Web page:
Well, I don't know. I tend to think that if you can't do these things, how have you passed your test in the first place? (I'm aware that our driving test is more stringent, though). Apply that to any skill that a driver really ought to have.  It amazes me the number of people who drive about all day quite happily but also say

I needed to parallel park for my driving test and I could do it. But that was well over 20 years ago - I haven't needed to do it since so I am not comfortable doing it. I could if I really needed to but I like to avoid it.
Title: Re: Parking Lot Etiquette - Backing into spaces
Post by: marcel on February 21, 2014, 02:26:08 PM
Those who think that pulling in forward is easeir and quicker then backing in must be living in places where the lanes and parking spots are pretty wide.
Apart from the added safety, as explained by others, you keep your manouivrability when backing into a spot, making parking in a tight spot easier. I regularly park in places where pulling in forward is not possible or difficult, but backing in is a quick and easy manoeuvre.

As an example of what I mean, when the space you parki in is just wide enough to get out of your car, then you have to be almost completely lined up with the spot before your front wheels go between the cars to your side. When backing into  a spot, you can still manoeuver a lot with yopur front when you are between the cars, meaning that you have to be less lined up when getting between the other cars. Due to this, you can then park with smaller lanes as well.

I do think we have often have smaller spots here then in the US, but most people back into a spot anyway, regardless of how much space they have.

As for the pulling in and back, this happens both with people backing in and with people pulling in forward. A good reason why people backing in may do it a bit more is also that, due to above mentioned reasons, it is actualy easier to cerrect their position with a quick out and in, then for the person pulling forward, and it is also safer to do this for them.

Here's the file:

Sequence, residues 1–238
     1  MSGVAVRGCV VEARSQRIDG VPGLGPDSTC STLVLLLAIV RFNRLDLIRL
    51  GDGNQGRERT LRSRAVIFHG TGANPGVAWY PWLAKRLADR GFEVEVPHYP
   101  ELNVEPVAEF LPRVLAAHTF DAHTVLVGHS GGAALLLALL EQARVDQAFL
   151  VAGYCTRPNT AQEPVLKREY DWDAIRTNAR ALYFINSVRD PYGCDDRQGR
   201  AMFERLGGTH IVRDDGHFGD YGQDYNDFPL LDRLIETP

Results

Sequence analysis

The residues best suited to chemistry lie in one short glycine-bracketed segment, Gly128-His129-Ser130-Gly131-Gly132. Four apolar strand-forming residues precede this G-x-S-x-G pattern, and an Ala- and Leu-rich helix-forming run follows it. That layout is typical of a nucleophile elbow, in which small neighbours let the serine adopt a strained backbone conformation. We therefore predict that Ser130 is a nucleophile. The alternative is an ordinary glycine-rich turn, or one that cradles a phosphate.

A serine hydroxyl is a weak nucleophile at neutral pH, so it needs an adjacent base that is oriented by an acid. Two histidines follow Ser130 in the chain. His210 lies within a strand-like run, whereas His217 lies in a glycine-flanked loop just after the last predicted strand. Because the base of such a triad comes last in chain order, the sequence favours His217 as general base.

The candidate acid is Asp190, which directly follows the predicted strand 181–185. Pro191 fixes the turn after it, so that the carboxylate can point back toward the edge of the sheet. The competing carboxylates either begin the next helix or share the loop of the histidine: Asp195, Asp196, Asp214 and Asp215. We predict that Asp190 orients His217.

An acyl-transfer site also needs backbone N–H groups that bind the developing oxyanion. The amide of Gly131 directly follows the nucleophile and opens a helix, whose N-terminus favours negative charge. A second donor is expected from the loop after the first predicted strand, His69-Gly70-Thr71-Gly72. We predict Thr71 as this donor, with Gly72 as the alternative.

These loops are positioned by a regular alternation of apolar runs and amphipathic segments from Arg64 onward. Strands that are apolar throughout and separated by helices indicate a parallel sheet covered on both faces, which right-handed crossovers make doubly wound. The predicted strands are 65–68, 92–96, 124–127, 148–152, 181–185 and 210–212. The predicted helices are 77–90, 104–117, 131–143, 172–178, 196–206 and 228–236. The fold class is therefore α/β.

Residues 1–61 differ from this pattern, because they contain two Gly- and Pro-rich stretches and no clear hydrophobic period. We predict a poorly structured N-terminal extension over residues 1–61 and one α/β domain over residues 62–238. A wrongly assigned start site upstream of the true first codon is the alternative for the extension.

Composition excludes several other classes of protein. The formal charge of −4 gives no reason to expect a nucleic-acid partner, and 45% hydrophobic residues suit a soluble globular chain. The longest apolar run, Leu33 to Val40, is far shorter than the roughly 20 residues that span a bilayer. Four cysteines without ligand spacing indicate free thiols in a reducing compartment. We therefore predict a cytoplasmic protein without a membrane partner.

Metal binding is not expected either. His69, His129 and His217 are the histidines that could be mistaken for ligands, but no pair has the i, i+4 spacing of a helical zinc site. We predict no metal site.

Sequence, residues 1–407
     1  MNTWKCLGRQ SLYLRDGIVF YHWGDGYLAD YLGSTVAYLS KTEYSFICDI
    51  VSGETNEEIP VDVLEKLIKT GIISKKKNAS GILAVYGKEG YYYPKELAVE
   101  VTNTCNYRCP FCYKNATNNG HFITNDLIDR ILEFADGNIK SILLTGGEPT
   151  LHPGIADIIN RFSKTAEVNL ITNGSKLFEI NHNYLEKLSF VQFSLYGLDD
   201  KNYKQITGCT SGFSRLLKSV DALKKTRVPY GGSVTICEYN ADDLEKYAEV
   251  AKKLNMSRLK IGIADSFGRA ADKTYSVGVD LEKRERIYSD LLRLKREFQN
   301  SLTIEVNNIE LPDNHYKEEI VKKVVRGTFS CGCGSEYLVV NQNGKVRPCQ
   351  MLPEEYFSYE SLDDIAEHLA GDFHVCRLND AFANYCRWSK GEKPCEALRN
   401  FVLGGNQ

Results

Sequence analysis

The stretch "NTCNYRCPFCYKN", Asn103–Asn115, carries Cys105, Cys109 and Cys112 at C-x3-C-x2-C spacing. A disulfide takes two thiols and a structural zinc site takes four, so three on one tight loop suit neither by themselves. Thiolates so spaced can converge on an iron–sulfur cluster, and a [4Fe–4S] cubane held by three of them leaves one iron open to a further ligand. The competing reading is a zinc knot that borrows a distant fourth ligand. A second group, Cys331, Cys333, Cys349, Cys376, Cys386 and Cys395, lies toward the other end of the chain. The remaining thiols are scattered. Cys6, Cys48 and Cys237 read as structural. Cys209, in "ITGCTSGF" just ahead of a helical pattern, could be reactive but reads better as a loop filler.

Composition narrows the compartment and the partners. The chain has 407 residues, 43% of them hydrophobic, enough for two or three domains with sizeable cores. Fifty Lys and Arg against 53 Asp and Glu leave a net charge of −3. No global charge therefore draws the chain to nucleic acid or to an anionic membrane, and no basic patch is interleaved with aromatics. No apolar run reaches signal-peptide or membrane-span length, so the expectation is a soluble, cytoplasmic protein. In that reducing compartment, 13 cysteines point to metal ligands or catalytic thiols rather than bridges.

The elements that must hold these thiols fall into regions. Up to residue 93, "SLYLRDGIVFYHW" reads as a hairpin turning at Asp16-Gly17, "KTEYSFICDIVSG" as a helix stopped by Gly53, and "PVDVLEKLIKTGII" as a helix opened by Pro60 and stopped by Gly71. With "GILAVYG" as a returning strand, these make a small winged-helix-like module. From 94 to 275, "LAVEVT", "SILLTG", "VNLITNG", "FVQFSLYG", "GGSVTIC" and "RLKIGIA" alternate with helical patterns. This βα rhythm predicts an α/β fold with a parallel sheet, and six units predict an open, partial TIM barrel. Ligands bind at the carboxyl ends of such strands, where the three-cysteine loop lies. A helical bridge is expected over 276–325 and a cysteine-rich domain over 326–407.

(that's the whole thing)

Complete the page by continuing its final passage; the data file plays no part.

I would like to point out, that I think that in daily live I see more people backing in then pulling forward here (anecdotal, but I just stepped out and there are at the moment 15 cars parked in my street, 4 forward and 11 back.) Apart from the more often tight spaces, another major difference with countries where many people posting here come from is that over here only professionals are allowed to teach people to drive, and they will teahc you to park (both perpendicular and paralel) by backing into a space.
Title: Re: Parking Lot Etiquette - Backing into spaces
Post by: Arila on February 21, 2014, 02:30:59 PM
Yes, Marcel, the parking in the US (especially in the west/cities & areas primarily built up after cars were common) is a lot easier than in Europe.

I literally had to close my eyes and plug my ears while watching someone park in a multistory car-park in Vienna, for example -- eeeek! The UK almost as bad, but DH is from there and so he drives when we visit.
Title: Re: Parking Lot Etiquette - Backing into spaces
Post by: perpetua on February 21, 2014, 02:31:45 PM
Backing in as a concept isn't the problem. The problem is when people who clearly don't have the skills to do it try to do it.

Backing in shouldn't take any longer than pulling in forwards - if you know what you're doing. There's no need to constantly pull out and straighten up if you get it right the first time and do it in one smooth movement.